A passage in the Enchiridion by the Roman slave-turned-Stoic philosopher, Epictetus, caught my attention this morning:
“In every act observe the things which come first, and those which follow it; and so proceed to act. If you do not, at first you will approach it with alacrity, without having thought of the things which will follow; but afterward, when certain ugly things have shown themselves, you will be ashamed.”
He then illustrates the advice with an example from an athletic competition:
"[Say you] wish to conquer at the Olympic games. But observe both the things which come first, and the things which follow; and then begin the act. You must do everything according to rule, eat according to strict order, abstain from delicacies, exercise yourself as you are bid at appointed times, in heat, in cold, you must not drink cold water, nor wine as you chose; in a word, you must deliver yourself up to the exercise master… When you have considered all this, if you still choose, go to the contest."
Epictetus wrote these words almost 2,000 years ago, but they ring with truth today.
Let’s take our own example of signing up for a race such as a marathon, half marathon, or a 5K. It’s exciting to sign-up for a new race. But Epictetus counsels us to consider all the following events: the long training runs, early mornings, sore muscles, stricter eating, and time away from family and friends. After considering all that must follow, sign up for the race with a clear conscience and determination to do the work required. If you don’t fully consider your decisions, and I can attest from personal experience, when you hit the challenging parts of training – sore legs, long workouts – you won’t have the discipline or motivation to get you through to your goal and reach new personal bests.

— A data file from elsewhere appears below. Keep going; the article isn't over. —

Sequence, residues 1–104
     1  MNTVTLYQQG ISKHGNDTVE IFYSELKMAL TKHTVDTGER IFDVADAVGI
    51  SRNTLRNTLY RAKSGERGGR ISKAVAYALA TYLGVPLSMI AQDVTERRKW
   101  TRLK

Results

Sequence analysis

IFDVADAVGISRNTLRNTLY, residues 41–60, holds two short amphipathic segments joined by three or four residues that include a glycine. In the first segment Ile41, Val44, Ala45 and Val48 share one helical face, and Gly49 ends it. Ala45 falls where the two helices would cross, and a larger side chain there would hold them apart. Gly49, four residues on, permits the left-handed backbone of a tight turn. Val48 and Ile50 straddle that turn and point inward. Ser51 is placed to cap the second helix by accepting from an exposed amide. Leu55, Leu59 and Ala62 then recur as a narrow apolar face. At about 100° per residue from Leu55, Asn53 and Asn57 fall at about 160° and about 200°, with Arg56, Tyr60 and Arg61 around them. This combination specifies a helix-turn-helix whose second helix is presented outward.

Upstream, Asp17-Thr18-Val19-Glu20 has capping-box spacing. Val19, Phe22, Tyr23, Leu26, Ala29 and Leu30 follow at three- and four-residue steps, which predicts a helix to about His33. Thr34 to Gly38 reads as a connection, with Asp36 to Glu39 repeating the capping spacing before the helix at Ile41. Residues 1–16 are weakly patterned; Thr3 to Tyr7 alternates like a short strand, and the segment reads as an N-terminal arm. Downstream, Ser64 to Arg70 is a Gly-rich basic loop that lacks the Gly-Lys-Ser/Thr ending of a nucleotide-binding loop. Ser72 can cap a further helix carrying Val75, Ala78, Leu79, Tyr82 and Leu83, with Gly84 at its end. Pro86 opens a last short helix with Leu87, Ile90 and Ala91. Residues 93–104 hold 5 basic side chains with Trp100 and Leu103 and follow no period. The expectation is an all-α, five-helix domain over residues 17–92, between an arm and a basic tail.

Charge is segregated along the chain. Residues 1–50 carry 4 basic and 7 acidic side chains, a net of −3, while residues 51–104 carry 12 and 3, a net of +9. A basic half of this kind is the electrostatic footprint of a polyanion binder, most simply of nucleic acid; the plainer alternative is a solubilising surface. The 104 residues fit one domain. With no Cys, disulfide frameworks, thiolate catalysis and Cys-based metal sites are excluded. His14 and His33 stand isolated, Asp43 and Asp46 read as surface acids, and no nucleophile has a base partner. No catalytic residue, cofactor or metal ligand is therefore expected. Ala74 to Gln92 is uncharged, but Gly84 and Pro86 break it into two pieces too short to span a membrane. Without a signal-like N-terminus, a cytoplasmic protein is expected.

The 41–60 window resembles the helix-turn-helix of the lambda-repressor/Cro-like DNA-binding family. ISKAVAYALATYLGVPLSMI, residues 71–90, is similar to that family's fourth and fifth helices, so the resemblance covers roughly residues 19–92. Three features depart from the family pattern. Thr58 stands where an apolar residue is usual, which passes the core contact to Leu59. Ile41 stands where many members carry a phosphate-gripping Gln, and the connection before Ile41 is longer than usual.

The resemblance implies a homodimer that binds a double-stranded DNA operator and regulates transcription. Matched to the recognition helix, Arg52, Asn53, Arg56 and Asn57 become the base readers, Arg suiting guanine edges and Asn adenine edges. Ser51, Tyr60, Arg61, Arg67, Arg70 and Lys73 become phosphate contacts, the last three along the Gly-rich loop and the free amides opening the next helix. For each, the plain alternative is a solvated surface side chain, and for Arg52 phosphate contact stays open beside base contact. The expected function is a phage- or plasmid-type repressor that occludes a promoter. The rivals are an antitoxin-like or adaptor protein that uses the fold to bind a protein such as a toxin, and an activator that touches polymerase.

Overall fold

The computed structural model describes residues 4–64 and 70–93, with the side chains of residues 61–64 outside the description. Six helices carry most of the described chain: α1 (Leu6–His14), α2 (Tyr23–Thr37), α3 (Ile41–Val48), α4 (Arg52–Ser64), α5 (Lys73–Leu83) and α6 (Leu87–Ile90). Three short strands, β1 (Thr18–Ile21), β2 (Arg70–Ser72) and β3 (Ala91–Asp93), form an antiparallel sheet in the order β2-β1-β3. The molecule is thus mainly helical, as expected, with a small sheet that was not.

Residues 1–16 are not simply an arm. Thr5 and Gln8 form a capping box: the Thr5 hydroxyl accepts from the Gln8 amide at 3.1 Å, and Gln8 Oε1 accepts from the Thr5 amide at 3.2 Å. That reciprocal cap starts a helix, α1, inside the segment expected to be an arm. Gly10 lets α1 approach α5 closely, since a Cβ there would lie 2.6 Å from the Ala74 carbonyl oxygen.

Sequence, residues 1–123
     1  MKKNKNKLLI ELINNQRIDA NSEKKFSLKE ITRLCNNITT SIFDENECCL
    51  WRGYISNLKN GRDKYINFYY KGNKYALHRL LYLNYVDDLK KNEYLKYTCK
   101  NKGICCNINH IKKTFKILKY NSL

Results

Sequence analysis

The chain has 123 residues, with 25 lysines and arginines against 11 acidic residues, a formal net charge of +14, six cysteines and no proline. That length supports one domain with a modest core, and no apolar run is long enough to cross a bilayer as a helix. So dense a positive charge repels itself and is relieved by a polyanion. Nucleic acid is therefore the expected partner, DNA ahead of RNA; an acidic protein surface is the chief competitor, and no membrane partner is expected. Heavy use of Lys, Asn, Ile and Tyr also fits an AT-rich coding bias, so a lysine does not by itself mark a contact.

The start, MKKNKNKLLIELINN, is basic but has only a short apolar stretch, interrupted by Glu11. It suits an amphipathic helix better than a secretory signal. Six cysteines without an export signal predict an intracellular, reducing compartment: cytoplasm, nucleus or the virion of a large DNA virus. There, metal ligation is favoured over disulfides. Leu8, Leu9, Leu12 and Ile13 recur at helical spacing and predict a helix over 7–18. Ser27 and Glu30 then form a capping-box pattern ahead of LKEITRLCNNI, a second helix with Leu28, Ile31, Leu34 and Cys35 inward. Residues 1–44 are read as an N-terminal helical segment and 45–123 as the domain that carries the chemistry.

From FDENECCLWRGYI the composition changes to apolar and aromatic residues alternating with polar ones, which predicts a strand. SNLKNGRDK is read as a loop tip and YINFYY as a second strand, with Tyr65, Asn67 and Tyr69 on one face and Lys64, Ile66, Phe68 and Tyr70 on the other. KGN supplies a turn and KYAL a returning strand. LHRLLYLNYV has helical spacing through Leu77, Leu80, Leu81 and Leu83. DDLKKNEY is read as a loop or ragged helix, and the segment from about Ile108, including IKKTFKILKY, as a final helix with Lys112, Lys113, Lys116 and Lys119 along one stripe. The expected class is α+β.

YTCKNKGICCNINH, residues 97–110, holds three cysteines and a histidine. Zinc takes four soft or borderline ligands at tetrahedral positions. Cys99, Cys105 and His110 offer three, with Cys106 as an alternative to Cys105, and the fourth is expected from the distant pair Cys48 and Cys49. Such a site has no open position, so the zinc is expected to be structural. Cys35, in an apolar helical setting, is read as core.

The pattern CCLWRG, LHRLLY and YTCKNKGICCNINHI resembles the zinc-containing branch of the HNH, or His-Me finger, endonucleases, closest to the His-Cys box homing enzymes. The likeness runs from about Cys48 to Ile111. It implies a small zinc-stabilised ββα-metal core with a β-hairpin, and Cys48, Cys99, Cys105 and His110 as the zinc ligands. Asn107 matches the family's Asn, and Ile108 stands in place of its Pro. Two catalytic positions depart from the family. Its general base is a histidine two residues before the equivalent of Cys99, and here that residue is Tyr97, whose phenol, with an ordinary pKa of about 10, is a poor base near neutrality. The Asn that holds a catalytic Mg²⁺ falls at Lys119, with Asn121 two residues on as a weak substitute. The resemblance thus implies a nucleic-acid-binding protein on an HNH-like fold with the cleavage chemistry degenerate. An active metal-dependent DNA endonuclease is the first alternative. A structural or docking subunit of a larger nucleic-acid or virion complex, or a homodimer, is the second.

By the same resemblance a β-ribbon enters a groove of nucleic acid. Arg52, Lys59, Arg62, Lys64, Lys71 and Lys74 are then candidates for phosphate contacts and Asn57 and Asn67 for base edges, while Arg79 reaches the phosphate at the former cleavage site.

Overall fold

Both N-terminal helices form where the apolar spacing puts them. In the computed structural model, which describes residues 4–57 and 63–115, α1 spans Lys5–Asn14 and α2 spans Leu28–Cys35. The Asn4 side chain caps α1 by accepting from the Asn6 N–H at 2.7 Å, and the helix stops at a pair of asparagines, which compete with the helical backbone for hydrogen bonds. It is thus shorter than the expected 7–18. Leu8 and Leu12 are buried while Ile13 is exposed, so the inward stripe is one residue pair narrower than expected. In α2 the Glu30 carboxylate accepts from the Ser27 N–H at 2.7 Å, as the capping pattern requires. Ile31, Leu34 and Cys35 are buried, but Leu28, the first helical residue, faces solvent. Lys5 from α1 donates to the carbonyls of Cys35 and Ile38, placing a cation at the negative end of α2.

Epictetus’ words serve as a timeliness reminder that success in any endeavor requires careful consideration of both the initial excitement and the challenges that lie ahead.